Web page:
Ken P. Chong: American academic (1942-) | Biography
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Ken P. Chong
American academic

Ken P. Chong

Ken P. Chong
The basics

Quick Facts

Intro American academic
Is Academic
From United States of America
Field Education
Gender male
Birth 22 October 1942
Age 80 years
The details (from wikipedia)


Ken P. Chong (Chinese: 張建平) is a Research Professor at The George Washington University and a former associate at the National Institute of Science and Technology (NIST). He was the Engineering Advisor, Interim Division Director and program director of Mechanics and Materials at various times for 21 years at the U.S. National Science Foundation. He has published over 200 refereed papers, and is the author or coauthor of twelve books including "Elasticity in Engineering Mechanics" now in the 3rd edition,{http://www.wiley.com/WileyCDA/WileyTitle/productCd-0470402555.html},{http://www.amazon.com/Elasticity-Engineering-Mechanics-Arthur-Boresi/dp/0470402555} "Intelligent Structures", "Modeling and Simulation-Based Life Cycle Engineering", "Mechanics of Oil Shale" [1], which included fracking and "Materials for the New Millennium". He has taught at the University of Wyoming, University of Hong Kong, University of Houston,and George Washington University [www.gwu.edu/] and had been visiting professor at MIT and University of Washington.
Chong grew up and obtained high school education at the Queen Elizabeth School, Hong Kong. He pursued higher education for the B.S. degree in Civil Engineering with major in Structures at the Taiwan National Cheng Kung University, and M.S. degree for Structural Mechanics at the University of Massachusetts Amherst. He also obtained advanced degrees at Princeton University: M.A., M.S. in Engineering, and completed the Ph.D. in Mechanics, 1969. After that he received post-doctoral management training at the Federal Executive Institute, for senior federal executives, Class 221, 1996. He received an Honorary Doctorate from Shanghai University [www.shu.edu.cn] in 2004.
His biographical profile is cited in the American Men and Women of Science and in 2008 he was elected a Fellow of the American Society of Mechanical Engineers (ASME). He is also a fellow of AAM [2], SEM [3] and ASCE. as well as a distinguished member of ASCE. He was a visiting professor at MIT in 1988 and University of Washington in 1987. He is a visiting professor at Tsinghua University [4]; an honorary professor in 1981 at the University of Hong Kong [5] as well as the 49th honorary professor at the Harbin Institute of Technology from 2013 [6].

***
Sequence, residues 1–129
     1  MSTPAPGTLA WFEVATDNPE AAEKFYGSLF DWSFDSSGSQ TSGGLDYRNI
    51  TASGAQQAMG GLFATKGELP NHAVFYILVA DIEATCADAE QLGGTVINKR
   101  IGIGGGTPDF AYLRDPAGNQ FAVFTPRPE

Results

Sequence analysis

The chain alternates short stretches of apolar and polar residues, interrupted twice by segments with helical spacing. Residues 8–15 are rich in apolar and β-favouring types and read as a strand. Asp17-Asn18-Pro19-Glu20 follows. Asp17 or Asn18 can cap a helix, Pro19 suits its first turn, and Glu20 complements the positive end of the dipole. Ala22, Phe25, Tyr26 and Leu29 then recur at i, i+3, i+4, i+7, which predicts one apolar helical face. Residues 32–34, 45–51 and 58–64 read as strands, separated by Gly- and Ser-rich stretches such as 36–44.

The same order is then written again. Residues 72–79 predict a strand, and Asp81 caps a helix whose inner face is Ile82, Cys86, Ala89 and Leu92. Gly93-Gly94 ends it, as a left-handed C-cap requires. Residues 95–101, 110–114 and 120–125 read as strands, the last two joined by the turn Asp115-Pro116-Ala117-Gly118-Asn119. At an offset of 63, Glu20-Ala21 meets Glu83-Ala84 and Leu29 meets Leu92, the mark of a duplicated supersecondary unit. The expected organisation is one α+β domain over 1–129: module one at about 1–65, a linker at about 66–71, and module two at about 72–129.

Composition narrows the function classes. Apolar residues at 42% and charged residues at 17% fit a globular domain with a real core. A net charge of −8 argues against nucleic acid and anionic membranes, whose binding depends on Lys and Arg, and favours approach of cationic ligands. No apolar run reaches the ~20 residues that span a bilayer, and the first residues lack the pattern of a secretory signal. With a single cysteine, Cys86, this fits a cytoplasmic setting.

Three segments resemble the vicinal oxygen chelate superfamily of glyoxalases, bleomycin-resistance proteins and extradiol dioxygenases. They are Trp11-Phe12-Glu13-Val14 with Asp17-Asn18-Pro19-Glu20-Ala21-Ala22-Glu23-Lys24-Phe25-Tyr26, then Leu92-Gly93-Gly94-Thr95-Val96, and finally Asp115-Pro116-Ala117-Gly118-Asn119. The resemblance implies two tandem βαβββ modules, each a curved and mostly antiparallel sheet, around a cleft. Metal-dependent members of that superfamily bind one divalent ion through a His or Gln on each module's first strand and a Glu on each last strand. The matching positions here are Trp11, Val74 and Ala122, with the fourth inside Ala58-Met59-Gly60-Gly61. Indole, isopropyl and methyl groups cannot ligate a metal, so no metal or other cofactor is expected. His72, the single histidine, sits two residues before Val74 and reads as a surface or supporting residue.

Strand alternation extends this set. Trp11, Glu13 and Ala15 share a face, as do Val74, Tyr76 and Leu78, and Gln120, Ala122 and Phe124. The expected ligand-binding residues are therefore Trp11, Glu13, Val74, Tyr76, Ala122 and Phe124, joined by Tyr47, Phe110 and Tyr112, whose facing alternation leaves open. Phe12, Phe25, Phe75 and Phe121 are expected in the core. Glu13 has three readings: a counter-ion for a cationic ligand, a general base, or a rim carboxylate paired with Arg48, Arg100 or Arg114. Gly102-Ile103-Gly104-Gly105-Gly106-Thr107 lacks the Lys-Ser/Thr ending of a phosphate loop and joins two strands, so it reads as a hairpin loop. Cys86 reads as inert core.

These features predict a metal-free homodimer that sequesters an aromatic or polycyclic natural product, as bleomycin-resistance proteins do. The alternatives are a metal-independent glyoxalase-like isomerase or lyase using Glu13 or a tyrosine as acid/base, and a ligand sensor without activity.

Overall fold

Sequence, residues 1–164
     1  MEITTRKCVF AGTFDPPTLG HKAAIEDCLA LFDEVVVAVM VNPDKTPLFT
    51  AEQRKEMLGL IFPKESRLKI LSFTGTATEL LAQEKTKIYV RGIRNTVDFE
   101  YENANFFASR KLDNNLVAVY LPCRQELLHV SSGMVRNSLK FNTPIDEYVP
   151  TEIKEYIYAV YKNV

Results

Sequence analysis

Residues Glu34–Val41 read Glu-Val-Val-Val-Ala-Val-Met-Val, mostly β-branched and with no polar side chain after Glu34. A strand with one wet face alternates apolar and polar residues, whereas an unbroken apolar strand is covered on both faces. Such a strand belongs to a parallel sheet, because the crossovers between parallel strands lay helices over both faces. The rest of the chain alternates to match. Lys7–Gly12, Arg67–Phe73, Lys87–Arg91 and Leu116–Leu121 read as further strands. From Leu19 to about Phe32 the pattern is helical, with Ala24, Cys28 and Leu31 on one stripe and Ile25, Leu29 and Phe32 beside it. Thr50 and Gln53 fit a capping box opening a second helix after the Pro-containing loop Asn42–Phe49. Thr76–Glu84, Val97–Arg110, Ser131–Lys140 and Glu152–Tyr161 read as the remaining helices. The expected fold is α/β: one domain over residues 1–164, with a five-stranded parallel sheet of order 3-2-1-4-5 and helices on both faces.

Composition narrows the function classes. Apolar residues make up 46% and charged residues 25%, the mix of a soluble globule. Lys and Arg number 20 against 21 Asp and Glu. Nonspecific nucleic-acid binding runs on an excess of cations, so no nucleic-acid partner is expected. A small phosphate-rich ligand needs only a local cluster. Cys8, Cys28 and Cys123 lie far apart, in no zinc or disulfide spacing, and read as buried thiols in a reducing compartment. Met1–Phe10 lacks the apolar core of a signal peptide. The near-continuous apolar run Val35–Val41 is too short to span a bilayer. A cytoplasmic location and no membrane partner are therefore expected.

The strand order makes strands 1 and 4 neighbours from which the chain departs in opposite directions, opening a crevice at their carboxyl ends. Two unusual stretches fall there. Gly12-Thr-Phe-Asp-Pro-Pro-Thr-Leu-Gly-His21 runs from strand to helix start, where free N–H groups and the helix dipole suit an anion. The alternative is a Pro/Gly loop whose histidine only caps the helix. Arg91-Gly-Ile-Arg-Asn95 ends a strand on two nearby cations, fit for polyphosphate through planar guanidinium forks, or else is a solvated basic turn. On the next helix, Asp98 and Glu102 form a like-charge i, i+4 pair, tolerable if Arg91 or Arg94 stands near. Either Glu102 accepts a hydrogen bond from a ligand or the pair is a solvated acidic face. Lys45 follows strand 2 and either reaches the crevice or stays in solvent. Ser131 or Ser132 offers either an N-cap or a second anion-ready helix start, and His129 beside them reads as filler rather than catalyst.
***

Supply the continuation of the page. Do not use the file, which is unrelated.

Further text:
He was a co-founder and honorary editor of the Taylor & Francis Journal of Smart & Nano Materials [7] and Editor of a CRC book series on structures/mechanics [8]. He has been involved in the planning of the new Hong Kong University of Science and Technology [www.ust.hk/] in 1988-89. Since 2011 he has been serving on engineering panels at Hong Kong Research Grants Council [9]. He has also been working as an expert panelist with the Hong Kong University Grants Committee [www.ugc.edu.hk] and the Innovation and Technology Commission [www.itc.gov.hk/].
He received numerous awards and honors, including the 1997 ASCE Edmund Friedman Professional Recognition Award [10]; Distinguished Member, ASCE [11]; NCKU Distinguished Alumnus Award [12]; ASME 2011 Ted Belytschko Applied Mechanics Award [13], and the NSF highest Distinguished Service Award [14]. He delivered the Mindlin Lecture [15] at Columbia University in 2005, the Sadowsky Lecture [16] at RPI in 2006, the Raouf Lecture [17] at the US Naval Academy in 2012, the ASME Thurston Lecture [18] in 2014, and the Distinguished Lecture [19] at the University of Macau in 2015.

The contents of this page are sourced from Wikipedia article. The contents are available under the CC BY-SA 4.0 license.
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